• by ihtoit ( 3393327 )

          First time I rooted a phone it was my MotoRAZR V3i, because I hated the red-themed Vodafone softbranding. I got a factory image and flashed it with that, it's been unlocked and absolutely peachy ever since.

    • by mlts ( 1038732 )

      Problem is that we will see this problem "fixed" by things similar to Samsung's KNOX, where if someone tries to manually install their own ROM or unlock the bootloader, the device blows an e-Fuse, rendering it either incapable of using a factory ROM, or showing it has been tampered with on boot.

    • Which is why I have give up on any app which has a corresponding web-page.

      This is a really important point. The reason the web was so successful was because once you made a website, anyone with a computer could access it and anyone else's website using a single program. A common, unified method of interacting with multiple persons or organizations with minimum hassle. Prior to that was the telephone, which allowed you to call anyone using a single device. And prior to that was the invention of postal m

      • Re:Not really ... (Score:4, Insightful)

        by gstoddart ( 321705 ) on Tuesday September 01, 2015 @01:24PM (#50437729) Homepage

        If the experience on your phone's browser sucks, that just means the website needs a better mobile site

        I find the vast majority of web sites with a mobile version are complete crap.

        You hit a site due to a search, get redirected to the crap which is their useless mobile site, and can never find what you're looking for because apparently mobile sites are written by morons who write useless sites.

        I can't tell you how many sites I have had to do the "request desktop site" for because they don't seem to realize a useless mobile site is worse and more broken than not having a mobile website in the first place.

        In my experience the mobile version of most websites are pointless, because they don't really work.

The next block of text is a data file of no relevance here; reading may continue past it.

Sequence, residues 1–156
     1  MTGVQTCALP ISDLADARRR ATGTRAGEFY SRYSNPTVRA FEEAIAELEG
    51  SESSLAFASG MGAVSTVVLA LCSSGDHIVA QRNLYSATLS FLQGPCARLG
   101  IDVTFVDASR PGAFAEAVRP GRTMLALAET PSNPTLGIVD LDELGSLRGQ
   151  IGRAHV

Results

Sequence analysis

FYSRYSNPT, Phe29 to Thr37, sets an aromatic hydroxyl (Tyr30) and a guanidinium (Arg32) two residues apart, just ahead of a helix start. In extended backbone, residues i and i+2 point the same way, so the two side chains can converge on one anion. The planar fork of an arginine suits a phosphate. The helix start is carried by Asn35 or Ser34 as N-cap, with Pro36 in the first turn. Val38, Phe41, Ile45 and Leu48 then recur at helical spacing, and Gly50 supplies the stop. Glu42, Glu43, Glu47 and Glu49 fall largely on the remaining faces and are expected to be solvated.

• by mlts ( 1038732 )

      The real solution is something like xPrivacy (or on iOS, PMP), where the app thinks it has all the permissions it ever will want, but it gets fed bogus data. Contacts? Gets garbage. Location? Fake. Advertising ID? Sure, pick one. ESN/IMEI? Whatever the RNG says, its all yours.

      It is surprising what apps ask for, permission-wise. If one uses a firewall program (Firewall IP on iOS, others on Android), you will find that a lot of apps communicate with tens to hundreds of sites that are pretty much irre

  • Lenovo (Score:4, Insightful)

    by Calydor ( 739835 ) on Tuesday September 01, 2015 @12:06PM (#50436869)

    Does Lenovo make ANYTHING anymore that isn't full of malware?

    • Re:Lenovo (Score:4, Funny)

      by willworkforbeer ( 924558 ) on Tuesday September 01, 2015 @12:13PM (#50436953)

      Does Lenovo make ANYTHING anymore that isn't full of malware?

      I found one possibility, but I haven't personally checked it for malware: []

    • They have a new logo that makes all the problems go away. I wish it did. Lenovo is turning into a POS company with their actions of the past year abusing customer trust. The only product left undamaged by Lenovo managements stupid stunts are the ThinkPad line of laptops. How long before some Lenovo bean counter says "hey, we can save more money if we turn ThinkPads into crap!"
    • Does Lenovo make ANYTHING anymore that isn't full of malware?

      The classic ThinkPad lines T and W, but it really does appear to be exceptions.

  • by grub ( 11606 ) <> on Tuesday September 01, 2015 @12:13PM (#50436961) Homepage Journal

    There is only one source you can trust for technology. That source is Apple. []
    Sent from my Blackberry.

  • They're not even in the list of makers that I know of:

    Apple (Samsung again)
    Nokia (Microsoft)

    (not exhaustive but my brain's a bit fucked right now).

  • And this is another reason that I find a "dumb" phone fits my needs. Good luck installing malware on the dinosaur-era flip-phone I use.

  • Malware, sure, but intelligent?

God helps them that themselves. -- Benjamin Franklin, "Poor Richard's Almanac"